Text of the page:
red is kerosene, and yellow is liquid hydrogen blue is liquid oxygen, which is used to burn the fuel If ur curious, some other common fuels types are Hypergolic: 2 liquids that instantly react to produce thrust liquid methane: just another rocket fuel, will be used on most future rockets it seems alcohol: same as above


Baja blast and gamer girl piss


You kinda forgot to gravity turn so this isn’t gonna be a very circular orbit.




To be fair, I wonder what the fuel efficiency of your van would be if it had to go straight up


me too


Interesting fact: the fastest car ever made is also the most fuel efficient. It is a tesla roadster with a massive modification to make it run on roughly 163,000 liters of kerosene. It is currently traveling at 19,000 km/hr relative to Earth. Sadly I can't get the fuel mileage (that will climb for millions of years) because the source I was using isn't loading some of its values. [Link](https://www.whereisroadster.com/)


My mother would have insisted they scrape out any remaining drops with a rubber spatula.


Since a rocket doesn’t have to be accelerated once it’s in orbit it could basically stay there forever so the fuel efficiency would be extremely small


So, you can't really use km/L, but for sure the combustion in the rocket is far more efficient. And if you won't since the Saturn five is and orbital class rocket the payload can do infinite km orbiting around Earth or moon. (Not really, around Earth there is still a bit of air and if not sustained the orbit will shrink and the orbiter burn in the atmosphere)


So I did the math: I assumed you were going on a one year mission to the ISS and were launched on a falcon 9. A falcon 9 uses 1,854,851 liters per mission and the ISS travels around 28,000km/h (or 245,280,000km/year). That would mean that in one year you would travel 245,280,000 kilometers and use 1,854,851 liters of fuel, which equals to about 132.2 kilometers/liter. But because you don’t need to use any more fuel when in orbit, the longer the mission goes on, the more efficient you become. For example if the mission was to go on for 25 years, you would travel about 5.8 BILLION kilometers and would still only use about 1.8 million liters of fuel. This means that you would go 3,220 kilometers/liter. Tada!


this is amazing, that is surprisingly efficient.


The numbers are slightly cheaty here. Technically you can park your car in your driveway, wait a year, and youve moved billions of kilometers through the universe. Just because the reference frame is moving doesnt mean you are, if you get what I mean.


Because its not compareable.


It can't really be measured that way, although it is actually pretty efficient. To properly measure a rocket's efficency we use ISP or specific impulse of the engine. ISP is exactly proportional to an engines exhaust velocity, so the denser the propellant, the less ISP the engine has. The bottom of the rocket uses kerosene, and has unefficient engines with high thrust to push the rocket out of the atmosphere. The top part uses hydrogen which is not as dense and has a higher exhaust velocity, which means the engines are more efficient but have lower thrust. And ultimately to accurately measure the rocket's capacity to change it's own speed, we use delta-v (the change in velocity), which is, for the saturn V pictured in the animation, 11.000m/s.


Tons per second probably.


Not sure but the Saturn V rockets used in the Apollo missions were burning around 20 tons of fuel per second.


KSP players creaming rn


Notice how most of the fuel is used in escaping the atmosphere. Now imagine if we had a station on the moon to launch manned and unmanned crafts into the unknown. we could travel much much farther in space as more fuel could be used to propel the craft through space instead of burning the majority to achieve earths escape velocity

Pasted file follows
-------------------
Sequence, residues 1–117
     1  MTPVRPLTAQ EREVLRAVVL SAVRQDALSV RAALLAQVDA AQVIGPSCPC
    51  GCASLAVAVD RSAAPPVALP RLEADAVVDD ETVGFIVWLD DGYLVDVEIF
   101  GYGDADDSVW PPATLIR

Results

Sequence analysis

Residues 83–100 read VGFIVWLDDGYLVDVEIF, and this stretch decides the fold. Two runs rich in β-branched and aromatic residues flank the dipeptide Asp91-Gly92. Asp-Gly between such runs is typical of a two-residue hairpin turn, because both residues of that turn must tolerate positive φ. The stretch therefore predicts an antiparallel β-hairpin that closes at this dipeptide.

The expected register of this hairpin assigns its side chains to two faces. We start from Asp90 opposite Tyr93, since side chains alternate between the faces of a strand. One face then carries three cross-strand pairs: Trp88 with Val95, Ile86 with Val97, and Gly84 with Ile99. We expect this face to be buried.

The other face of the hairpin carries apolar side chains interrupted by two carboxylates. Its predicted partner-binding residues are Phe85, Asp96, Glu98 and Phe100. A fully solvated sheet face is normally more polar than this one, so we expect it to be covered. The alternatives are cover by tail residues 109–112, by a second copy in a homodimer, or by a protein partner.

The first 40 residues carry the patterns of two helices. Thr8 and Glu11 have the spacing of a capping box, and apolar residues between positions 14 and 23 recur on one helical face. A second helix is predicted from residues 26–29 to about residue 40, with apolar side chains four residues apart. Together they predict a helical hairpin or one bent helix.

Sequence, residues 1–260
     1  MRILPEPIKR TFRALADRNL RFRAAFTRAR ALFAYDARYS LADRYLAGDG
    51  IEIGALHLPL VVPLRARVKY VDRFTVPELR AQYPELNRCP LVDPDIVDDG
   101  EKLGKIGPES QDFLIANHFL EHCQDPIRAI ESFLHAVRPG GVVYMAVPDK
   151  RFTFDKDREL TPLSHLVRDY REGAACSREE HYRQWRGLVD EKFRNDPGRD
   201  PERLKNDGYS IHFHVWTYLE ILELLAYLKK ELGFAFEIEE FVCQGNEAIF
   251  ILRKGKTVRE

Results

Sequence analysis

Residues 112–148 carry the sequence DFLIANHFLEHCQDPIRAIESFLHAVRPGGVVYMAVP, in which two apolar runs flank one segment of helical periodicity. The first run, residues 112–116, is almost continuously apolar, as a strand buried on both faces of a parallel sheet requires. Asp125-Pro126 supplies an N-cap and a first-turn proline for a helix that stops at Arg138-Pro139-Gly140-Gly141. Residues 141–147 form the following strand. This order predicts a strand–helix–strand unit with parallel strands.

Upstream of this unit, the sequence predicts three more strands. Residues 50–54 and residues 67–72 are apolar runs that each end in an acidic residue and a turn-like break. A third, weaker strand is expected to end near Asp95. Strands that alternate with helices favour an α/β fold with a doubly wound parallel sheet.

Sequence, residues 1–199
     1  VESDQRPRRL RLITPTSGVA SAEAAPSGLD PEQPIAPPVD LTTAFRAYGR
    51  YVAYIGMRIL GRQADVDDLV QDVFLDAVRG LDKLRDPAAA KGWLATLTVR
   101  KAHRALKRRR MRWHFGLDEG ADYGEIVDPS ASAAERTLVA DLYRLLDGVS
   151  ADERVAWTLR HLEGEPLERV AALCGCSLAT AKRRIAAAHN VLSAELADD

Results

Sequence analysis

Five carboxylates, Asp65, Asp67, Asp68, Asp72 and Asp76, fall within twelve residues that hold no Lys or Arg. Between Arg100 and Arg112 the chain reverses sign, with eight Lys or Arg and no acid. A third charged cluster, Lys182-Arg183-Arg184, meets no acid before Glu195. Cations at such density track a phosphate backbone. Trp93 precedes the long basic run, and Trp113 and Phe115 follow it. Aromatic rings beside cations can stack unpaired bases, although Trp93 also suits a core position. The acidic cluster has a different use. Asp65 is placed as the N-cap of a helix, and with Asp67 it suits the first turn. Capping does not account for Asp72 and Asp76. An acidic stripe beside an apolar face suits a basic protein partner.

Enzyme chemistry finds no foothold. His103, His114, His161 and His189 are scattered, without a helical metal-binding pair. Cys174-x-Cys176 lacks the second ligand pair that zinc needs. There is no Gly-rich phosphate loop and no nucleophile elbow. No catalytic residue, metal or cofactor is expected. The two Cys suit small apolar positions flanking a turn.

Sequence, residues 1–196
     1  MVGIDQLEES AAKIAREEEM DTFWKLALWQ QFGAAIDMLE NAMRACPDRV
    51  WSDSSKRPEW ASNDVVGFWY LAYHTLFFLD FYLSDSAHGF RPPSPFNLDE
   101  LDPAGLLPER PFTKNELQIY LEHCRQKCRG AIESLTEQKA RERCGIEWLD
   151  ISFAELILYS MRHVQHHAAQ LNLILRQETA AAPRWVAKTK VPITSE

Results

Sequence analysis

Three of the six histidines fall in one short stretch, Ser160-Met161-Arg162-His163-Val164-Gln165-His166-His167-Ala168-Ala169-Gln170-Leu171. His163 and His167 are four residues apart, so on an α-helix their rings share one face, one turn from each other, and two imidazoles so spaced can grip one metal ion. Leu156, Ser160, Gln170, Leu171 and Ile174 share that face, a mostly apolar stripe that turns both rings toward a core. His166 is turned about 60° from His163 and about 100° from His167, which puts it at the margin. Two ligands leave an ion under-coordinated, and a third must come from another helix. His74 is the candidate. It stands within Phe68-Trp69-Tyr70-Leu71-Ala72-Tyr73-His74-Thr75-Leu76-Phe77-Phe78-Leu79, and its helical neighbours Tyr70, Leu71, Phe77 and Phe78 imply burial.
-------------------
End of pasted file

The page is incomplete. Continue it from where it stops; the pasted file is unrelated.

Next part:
How long would that amount of spaceship fuel 'run my house'?


About 0.1 second before it all blows up. Im not sure if you house has the equipment


News rule: all future rockets must be transparent


\*This is how ~~the~~ ***a multi-stage liquid fuelled*** rocket uses fuel




The YouTube algorithm has actually been pretty good to us. My 3 year old watches a lot of content like this about rockets and the blippis and the like have been mostly kept at bay


OP where are the credits?




The [source video](https://www.youtube.com/watch?v=su9EVeHqizY) is actually better than this cropped gif because it shows 4 different types of rockets simultaneously.


Oh boy. Looks like I’m reinstalling Kerbal again. Goodbye 2022.




Huh, that makes a lot more sense than the kerbal space program method of firing all at once and exploding horribly


Damn so the abdomen and the thorax of the rocket are nothing more than gas cannisters to contain fuel for burning?


So when the parts detach, isn’t it extremely dangerous to be anywhere near the launch point? I get the idea that most of it is SUPPOSED to go into the ocean, but certainly there are cases where it doesn’t.


The rocket doesn't go straight up, it turns east. Considering it launches right at the coast, it's basically impossible for a spent stage to land anywhere near the launch pad.


KSP fans in this comment section: *It's showtime*


Is it much easier to come back to earth considering they don’t have much fuel left when that’s all done?


The 5 F-1 engines of the first stage alone went through 5.7 tons of fuel per second. Saturn V was definitely one thirsty boi!


We went to the Houston Space Center the other day. It's incredible to see the sheer immensely massive size that these fuel tanks are compared to how relatively tiny the actual part with the people inside it is.


Props to the camera guy. Well done, RIP.


What blows my mind is how insanely powerful these engines are yet they are so freaking efficient. Imagine the countless hours scientists over the last decades have fought to get these things efficient.